Trade Resources Industry Views China's Apparent Oil Demand Posts Fastest Growth

China's Apparent Oil Demand Posts Fastest Growth

China's apparent oil demand in 2015 grew 5.8% year on year to 11.11 million b/d, the fastest pace since 2011, despite the country's economy growing at the slowest rate since 1990, Platts calculations based on recently released official data showed.

Apparent demand in 2011 expanded at 7.1% on year to 9.62 million b/d.

The strong apparent demand in 2015 was driven by transportation fuels gasoline and jet/kerosene, as well as LPG and fuel oil.

But Platts China Oil Analytics expect the country's oil demand growth to slow to around 2.4% in 2016.

China's GDP expanded 6.9% in 2015, the slowest rate since 1990. Standard & Poor's, like Platts a unit of McGraw Hill Financial, expects China's GDP to grow at 6.3% and 6.1% in 2016 and 2017, respectively.

China does not release official oil demand data. Platts calculates overall apparent oil demand by adding official data on crude throughput and net product imports. Apparent demand for individual products is calculated by adding official data on products output and net product imports.


Additional demand for petrochemical feedstock from new propane dehydrogenation plants lifted apparent demand for LPG by 20% to 1.26 million b/d in 2015, the highest since 2009.

Two new PDH plants came online in 2015, with total annual propane appetite of 1.62 million mt/year. Currently, China has six PDH plants, with designed propane processing capacity of around 4 million mt/year, or 127,120 b/d, according to Platts calculations.

On the back of healthy demand from residential and traditional petrochemical plants, net LPG imports surged 71.3% to 378,000 b/d last year, according to Platts calculations.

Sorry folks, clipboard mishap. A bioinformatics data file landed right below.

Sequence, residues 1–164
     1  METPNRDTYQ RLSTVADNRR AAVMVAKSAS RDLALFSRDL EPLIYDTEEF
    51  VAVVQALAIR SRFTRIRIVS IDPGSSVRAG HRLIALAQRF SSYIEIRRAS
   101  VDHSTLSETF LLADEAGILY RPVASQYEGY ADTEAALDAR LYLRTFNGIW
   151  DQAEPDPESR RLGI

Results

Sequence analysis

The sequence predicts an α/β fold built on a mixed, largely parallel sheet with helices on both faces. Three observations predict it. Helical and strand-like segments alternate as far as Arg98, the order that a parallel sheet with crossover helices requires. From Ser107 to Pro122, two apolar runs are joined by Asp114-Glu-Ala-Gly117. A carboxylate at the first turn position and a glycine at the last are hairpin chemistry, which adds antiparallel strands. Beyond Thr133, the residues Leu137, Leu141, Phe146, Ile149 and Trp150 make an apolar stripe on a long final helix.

COA expects relatively lesser PDH capacity to come online in 2016 as construction activity had slowed amid overcapacity. This could slow the growth to 9% this year.

Only Oriental Energy has said it would start its second PDH plant by mid-2016. The plant's annual propane demand is at 25,270 b/d.


Driven by strong growth from the aviation sector, China's apparent demand for jet fuel/kerosene rose 15.9% from a year earlier to 693,000 b/d during 2015, the highest year-on-year increase since 2006, which saw a growth of 16.1%.

According to latest data from the Civil Aviation Administration of China, overall aviation traffic continued to grow at a steady pace. Over the first 11 months of 2015, total traffic turnover rose 13.7% compared with the same period a year earlier. Meanwhile, turnover for international routes rose 21.5% year on year and domestic turnover was up 10%.

Jet fuel/kerosene consumption could come in higher in January and February because of the Chinese New Year holiday.

COA expects the expansion would be back to about 7.5% in 2016.

Meanwhile, gasoline also registered healthy growth at 9% year on year to 2.68 million b/d in 2015.

The country's auto sales rose 4.71% in 2015 from a year earlier, compared with a growth rate of 6.86% in 2014 and 13.87% in 2013, data from the China Association of Automobile Manufacturers' showed.

But sales of gasoline-guzzling sport utility vehicles jumped 52.54% year on year, stronger than the 36.44% growth in 2014 and the 49.41% rise in 2013, the data showed.

SUV sales have been the driving force behind China's gasoline demand growth recently. COA expects gasoline demand would keep rising at a healthy rate of around 8.2% in 2016 as low oil prices encourage driving.


After dropping for two successive years in 2013 and 2014, China's apparent demand for fuel oil rebounded to grow by 13.2% to 927,000 b/d on the back of strong demand for feedstock bitumen blend.

Customs data suggested that bitumen blend imports surged 201.2% year on year in 2015, while fuel oil imports were down 12.7%. Imported bitumen blend barrels are mainly used by teapot refineries as feedstock in coking units, to avoid consumption tax.

After the government granted teapot refineries access to imported crude, crude has been the top feedstock choice, while bitumen blend has fallen out of favor since December.

Therefore, COA expects China's demand for fuel oil to fall by double digits in 2016.

Apparent demand for gasoil registered a 0.5% decline in 2015 to reflect slower GDP growth.

But it was not the first time for China to note a year-on-year retreat in gasoil demand. The last decrease was in 2013, when it fell 0.6%.

The fuel is used in a range of sectors, with the transport sector accounting for 60-70% of demand and the remainder soaked up by farming, manufacturing, construction and mining industries.

Looking forward, China's demand for the fuel is expected to shrink by about 0.3% this year, according to COA.

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Analysis: China's Apparent Oil Demand Posts Fastest Growth Since 2011
Topics: Metallurgy